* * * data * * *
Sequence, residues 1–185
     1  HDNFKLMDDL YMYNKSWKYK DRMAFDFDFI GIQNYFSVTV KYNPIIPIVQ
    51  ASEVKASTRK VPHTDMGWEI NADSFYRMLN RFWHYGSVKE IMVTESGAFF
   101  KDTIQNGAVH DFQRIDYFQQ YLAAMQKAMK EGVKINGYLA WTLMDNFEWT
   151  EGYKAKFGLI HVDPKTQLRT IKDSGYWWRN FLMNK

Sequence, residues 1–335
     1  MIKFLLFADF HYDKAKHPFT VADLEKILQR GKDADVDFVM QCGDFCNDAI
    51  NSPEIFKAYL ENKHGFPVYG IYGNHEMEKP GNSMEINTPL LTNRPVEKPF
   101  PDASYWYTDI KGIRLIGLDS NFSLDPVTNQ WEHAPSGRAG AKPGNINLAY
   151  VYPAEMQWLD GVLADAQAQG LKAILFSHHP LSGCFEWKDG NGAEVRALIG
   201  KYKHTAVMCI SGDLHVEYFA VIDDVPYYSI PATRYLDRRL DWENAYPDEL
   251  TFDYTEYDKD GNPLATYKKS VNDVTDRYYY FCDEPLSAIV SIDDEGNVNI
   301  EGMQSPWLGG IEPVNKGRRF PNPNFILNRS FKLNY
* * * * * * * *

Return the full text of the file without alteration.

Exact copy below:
Sequence, residues 1–185
     1  HDNFKLMDDL YMYNKSWKYK DRMAFDFDFI GIQNYFSVTV KYNPIIPIVQ
    51  ASEVKASTRK VPHTDMGWEI NADSFYRMLN RFWHYGSVKE IMVTESGAFF
   101  KDTIQNGAVH DFQRIDYFQQ YLAAMQKAMK EGVKINGYLA WTLMDNFEWT
   151  EGYKAKFGLI HVDPKTQLRT IKDSGYWWRN FLMNK

Sequence, residues 1–335
     1  MIKFLLFADF HYDKAKHPFT VADLEKILQR GKDADVDFVM QCGDFCNDAI
    51  NSPEIFKAYL ENKHGFPVYG IYGNHEMEKP GNSMEINTPL LTNRPVEKPF
   101  PDASYWYTDI KGIRLIGLDS NFSLDPVTNQ WEHAPSGRAG AKPGNINLAY
   151  VYPAEMQWLD GVLADAQAQG LKAILFSHHP LSGCFEWKDG NGAEVRALIG
   201  KYKHTAVMCI SGDLHVEYFA VIDDVPYYSI PATRYLDRRL DWENAYPDEL
   251  TFDYTEYDKD GNPLATYKKS VNDVTDRYYY FCDEPLSAIV SIDDEGNVNI
   301  EGMQSPWLGG IEPVNKGRRF PNPNFILNRS FKLNY